skip navigation


Register for Latest Research

Stay Informed
Register with NCJRS to receive NCJRS's biweekly e-newsletter JUSTINFO and additional periodic emails from NCJRS and the NCJRS federal sponsors that highlight the latest research published or sponsored by the Office of Justice Programs.

NCJRS Abstract

The document referenced below is part of the NCJRS Virtual Library collection. To conduct further searches of the collection, visit the Virtual Library. See the Obtain Documents page for direction on how to access resources online, via mail, through interlibrary loans, or in a local library.


NCJ Number: 218581 Find in a Library
Title: Screening for Drugs in Oral Fluid: Illicit Drug Use and Drug Driving in a Sample of Queensland Motorists
Journal: Drug and Alcohol Review  Volume:26  Issue:3  Dated:May 2007  Pages:301-307
Author(s): J. Davey; N. Leal; J. Freeman
Date Published: May 2007
Page Count: 7
Type: Report (Study/Research)
Format: Article
Language: English
Country: United Kingdom
Annotation: This study estimated the prevalence of drug driving in a sample of Queensland, Australia drivers.
Abstract: Results indicated that of the 781 drivers tested at Random Breath Testing (RBT) sites, 3.5 percent (27 participants) tested positive for at least 1 illicit substance, most commonly cannabis (13 participants) followed by amphetamine substances (11 participants). Other findings revealed that cannabis was the most commonly self-reported drug combined with driving and that individuals who tested positive for any type of drug were also more likely to report the highest frequency of drug driving. Comparisons of the detection rates for drug driving versus drink driving indicated that drug driving was detected at a higher rate (3.5 percent) than was drink driving (0.8 percent) in Queensland. The findings thus suggest that drug driving is a relatively common occurrence in Queensland. The findings also confirm the utility of using self-report data on drug driving due to a high convergence between those who reported illicit drug use and positive RBT tests. Future research into the problem of drug and drink driving in Queensland is warranted and will aid the Police Services in developing effective countermeasures and enforcement policies. Data were drawn from oral fluid samples collected from 781 drivers by the Police Services. Participants volunteered for participation at RBT sites in a large regional area of Queensland and were asked to self-report any drug use prior to the RBT testing. Drugs included in the testing were cannabis, amphetamine type substances, heroin, and cocaine. Tables, notes, references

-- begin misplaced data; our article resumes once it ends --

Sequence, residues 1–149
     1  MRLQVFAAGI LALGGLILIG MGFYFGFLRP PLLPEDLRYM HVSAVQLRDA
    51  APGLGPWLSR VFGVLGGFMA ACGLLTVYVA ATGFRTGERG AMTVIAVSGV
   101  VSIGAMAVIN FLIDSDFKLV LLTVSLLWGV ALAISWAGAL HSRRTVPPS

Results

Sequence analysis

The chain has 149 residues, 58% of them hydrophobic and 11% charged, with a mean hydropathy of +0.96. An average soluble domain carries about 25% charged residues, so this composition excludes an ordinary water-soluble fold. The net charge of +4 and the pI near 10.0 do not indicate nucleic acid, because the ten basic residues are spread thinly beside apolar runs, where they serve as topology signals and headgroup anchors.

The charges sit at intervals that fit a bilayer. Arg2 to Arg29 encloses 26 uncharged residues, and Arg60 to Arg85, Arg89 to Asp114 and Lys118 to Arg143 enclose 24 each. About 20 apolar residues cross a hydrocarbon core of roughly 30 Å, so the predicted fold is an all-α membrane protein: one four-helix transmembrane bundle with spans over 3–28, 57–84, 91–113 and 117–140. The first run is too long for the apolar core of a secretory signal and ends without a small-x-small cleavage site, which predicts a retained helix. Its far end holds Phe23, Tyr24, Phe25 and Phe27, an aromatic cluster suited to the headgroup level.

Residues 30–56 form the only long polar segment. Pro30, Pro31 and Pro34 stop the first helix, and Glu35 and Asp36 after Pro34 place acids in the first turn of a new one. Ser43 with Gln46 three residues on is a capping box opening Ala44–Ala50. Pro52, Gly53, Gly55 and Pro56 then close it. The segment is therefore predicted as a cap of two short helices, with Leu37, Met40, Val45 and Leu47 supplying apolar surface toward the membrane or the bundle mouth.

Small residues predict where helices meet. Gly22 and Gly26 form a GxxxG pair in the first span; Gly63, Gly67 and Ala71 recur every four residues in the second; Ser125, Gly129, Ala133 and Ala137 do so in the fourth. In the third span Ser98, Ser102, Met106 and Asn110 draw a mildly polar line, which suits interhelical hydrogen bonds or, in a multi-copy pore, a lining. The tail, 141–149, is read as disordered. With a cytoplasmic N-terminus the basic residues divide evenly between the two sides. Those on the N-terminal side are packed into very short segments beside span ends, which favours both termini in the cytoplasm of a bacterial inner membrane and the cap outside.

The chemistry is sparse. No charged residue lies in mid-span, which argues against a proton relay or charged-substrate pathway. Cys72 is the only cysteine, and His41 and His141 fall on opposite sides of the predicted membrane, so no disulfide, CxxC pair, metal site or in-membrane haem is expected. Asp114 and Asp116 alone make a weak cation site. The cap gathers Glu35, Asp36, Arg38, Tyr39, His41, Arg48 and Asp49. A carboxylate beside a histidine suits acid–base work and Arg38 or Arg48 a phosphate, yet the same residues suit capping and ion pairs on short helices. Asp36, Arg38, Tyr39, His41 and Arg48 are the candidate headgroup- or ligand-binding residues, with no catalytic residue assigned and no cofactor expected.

Main Term(s): Australia; Driving Under the Influence (DUI)
Index Term(s): Amphetamines; Cocaine; Heroin; Marijuana
To cite this abstract, use the following link:

*A link to the full-text document is provided whenever possible. For documents not available online, a link to the publisher's website is provided. Tell us how you use the NCJRS Library and Abstracts Database - send us your feedback.